In today’s lesson we’ll take a look at paths, and learn how we can improve our application UI paths so customers can more efficiently travel where they want to go (through your interfaces).

Paths describe the physical and mental effort a user must exert to accomplish a task in a user interface.

First, let’s compare two interfaces that get paths wrong (in two very different extremes).

The first, the phone call interface from a popular smart phone:



And the second, the Anchor property editor from a popular developer tool:



Before I dive into the issues with these two user interfaces, lets get a quick introduction to paths.

Paths are the sequence of steps people take as they accomplish tasks of interest.

Path steps have three properties: width, length (or time), and force (or steepness/strain).

Width reflects how easy or challenging the step is. Narrow paths require too much precision, and are prone to errors.

Length reflects how many tasks must be performed, or how long it takes to complete the step.

Force is the amount of effort required to perform an action. Here’s an example of a ridiculous user interface that requires the hands and arm to be held in a static position for the entire duration of your phone call:


So the force and strain for using this interface is unnecessarily excessive.

These three properties of a step, width, length, and force, are a measure of task complexity across three dimensions: precision (cognitive load), duration, and strain. For the best UI, we want to minimize all three of these properties.

The two examples from the start of this post focus on one of these properties: width. Width refers to how easy or how difficult the task is, and is often a reflection of the physical size of the interface element we need to interact with. The smaller the size (the narrower the path), the greater the precision required for interaction (and the higher the cognitive load). The larger the element (the wider the path), the easier it is to hit (with a lower cognitive load).

Of course, when traveling down any path, there are two categories of unintended actions that can occur. You can have unintended misses (because the target was too narrow), and unintended hits (for example, where a button you didn’t mean to press was hit because it was too wide).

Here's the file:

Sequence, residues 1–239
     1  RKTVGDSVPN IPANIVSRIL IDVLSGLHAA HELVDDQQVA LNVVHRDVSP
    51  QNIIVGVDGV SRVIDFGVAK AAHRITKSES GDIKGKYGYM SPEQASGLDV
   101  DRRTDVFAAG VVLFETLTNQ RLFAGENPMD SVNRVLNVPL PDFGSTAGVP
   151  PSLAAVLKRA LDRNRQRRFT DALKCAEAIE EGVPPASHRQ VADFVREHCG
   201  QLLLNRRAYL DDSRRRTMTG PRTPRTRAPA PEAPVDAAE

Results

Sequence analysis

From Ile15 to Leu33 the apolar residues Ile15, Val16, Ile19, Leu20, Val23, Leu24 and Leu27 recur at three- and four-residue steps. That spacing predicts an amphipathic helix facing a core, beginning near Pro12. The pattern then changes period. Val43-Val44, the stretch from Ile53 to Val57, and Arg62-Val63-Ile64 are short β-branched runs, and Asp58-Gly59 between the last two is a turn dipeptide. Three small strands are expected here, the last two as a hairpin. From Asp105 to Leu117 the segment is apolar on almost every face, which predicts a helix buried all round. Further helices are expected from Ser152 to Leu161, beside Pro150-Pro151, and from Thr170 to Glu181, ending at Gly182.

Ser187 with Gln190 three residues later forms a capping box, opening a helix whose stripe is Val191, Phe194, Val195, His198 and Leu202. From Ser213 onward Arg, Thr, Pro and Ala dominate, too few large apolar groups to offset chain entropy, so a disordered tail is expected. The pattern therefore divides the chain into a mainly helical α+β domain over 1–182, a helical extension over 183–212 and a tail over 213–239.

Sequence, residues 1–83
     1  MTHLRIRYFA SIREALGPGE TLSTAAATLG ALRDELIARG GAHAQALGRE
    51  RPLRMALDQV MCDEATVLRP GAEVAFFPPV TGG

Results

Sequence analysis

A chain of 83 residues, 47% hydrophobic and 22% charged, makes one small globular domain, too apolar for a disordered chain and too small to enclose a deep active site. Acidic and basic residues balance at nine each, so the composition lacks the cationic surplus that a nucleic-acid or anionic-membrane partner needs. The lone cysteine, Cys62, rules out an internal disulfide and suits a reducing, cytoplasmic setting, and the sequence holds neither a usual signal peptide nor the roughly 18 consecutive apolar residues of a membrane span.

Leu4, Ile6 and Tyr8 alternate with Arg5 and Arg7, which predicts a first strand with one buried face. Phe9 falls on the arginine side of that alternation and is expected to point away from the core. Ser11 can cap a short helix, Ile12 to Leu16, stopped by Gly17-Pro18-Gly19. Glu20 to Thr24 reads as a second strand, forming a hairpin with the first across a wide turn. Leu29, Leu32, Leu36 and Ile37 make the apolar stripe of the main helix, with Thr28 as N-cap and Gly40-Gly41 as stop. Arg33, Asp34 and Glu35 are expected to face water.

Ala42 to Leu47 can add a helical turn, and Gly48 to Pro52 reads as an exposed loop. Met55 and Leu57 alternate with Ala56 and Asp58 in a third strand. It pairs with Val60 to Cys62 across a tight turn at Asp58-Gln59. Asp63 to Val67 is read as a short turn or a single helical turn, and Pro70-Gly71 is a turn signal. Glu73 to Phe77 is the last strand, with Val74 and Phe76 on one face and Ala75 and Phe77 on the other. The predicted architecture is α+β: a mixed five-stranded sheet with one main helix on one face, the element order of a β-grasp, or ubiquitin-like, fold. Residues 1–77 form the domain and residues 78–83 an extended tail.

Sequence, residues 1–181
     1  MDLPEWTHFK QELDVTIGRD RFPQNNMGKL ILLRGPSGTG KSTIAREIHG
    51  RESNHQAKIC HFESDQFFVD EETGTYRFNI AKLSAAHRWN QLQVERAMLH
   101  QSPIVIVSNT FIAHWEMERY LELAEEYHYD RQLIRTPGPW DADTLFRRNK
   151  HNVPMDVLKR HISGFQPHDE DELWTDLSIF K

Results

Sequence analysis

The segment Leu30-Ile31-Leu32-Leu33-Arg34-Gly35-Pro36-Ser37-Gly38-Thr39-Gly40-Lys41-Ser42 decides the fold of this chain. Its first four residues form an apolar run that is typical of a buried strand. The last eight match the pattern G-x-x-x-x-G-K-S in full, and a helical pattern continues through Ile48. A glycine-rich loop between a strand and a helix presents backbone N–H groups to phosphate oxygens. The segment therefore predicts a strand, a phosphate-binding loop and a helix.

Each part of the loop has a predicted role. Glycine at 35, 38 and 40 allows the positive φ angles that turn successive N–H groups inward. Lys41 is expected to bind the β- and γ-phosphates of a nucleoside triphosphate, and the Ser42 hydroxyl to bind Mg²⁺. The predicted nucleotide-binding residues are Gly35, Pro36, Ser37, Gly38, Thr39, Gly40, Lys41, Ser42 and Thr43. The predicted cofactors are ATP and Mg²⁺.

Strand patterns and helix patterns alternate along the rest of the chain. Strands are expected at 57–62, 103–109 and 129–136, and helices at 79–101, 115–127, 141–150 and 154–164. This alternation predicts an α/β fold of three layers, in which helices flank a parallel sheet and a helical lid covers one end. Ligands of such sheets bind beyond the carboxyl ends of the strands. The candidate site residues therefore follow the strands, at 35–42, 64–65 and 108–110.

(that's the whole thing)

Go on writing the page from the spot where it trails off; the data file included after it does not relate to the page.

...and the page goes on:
These two possibilities are represented in this chart:


There is a theoretical sweet spot near the middle, where the path is sufficiently wide to allow for easy or even error-tolerant travel, yet not so wide as to result in unintended travel.

The importance of avoiding unintended traversal and misses, matches the severity of the consequences of that unintended action. For example, in the case of the smart phone’s “End Call” button, the consequence, the premature ending of that phone call, might be pretty severe in some cases. For example, if severe weather closes airports and you suddenly need to re-book a flight at the last minute, the phone line queues (to reach an airline representative on the phone) might be long. After waiting on hold for 15 minutes, unintentionally hitting that large End call button could be pretty painful (I know – it happened to me).

Years later the phone vendor updated their UI, correcting the overly wide path:



Which brings us to our second path problem, the Anchor property editor:


This property editor allows you to select which sides of a control will be anchored to the parent container. There are four sides, and any combination of these can be anchored. The problem is that the four buttons used to set these anchors are each 28 pixels long, by 10 pixels wide.


These buttons are really small. They form an unusually narrow path, especially in light of expected frequency of use (users will very likely hit one or more of these buttons when this UI is shown). On the surface, the consequences for an unintended miss appear to be low – you simply re-target the mouse and click again. But there’s another consequence to narrow path and that is higher cognitive load. When humans need to accomplish tasks that require a high degree of precision, our cognitive load goes up. If this happens while using software, we get pulled off task. Interrupted. Now, instead of trying to set the anchors, we’re trying to wrestle with the user interface. This is entirely wrong.

Going back to the unintended traversal/miss chart I showed earlier, I place these two paths (too narrow, and too wide) here:





By the way, if you purchase the Science of Great UI design course you’ll learn five strategies for widening the path and six strategies for shortening the path, and how to design interfaces that minimize unintended traversals. You’ll also get access to my Science of Great UI Case Studies mini e-book, which contains my redesign for the Anchor property editor shown above (fixing not only the width problem but also a few length problems as well), and you’ll also get to see my thoughts on this interesting user interface below: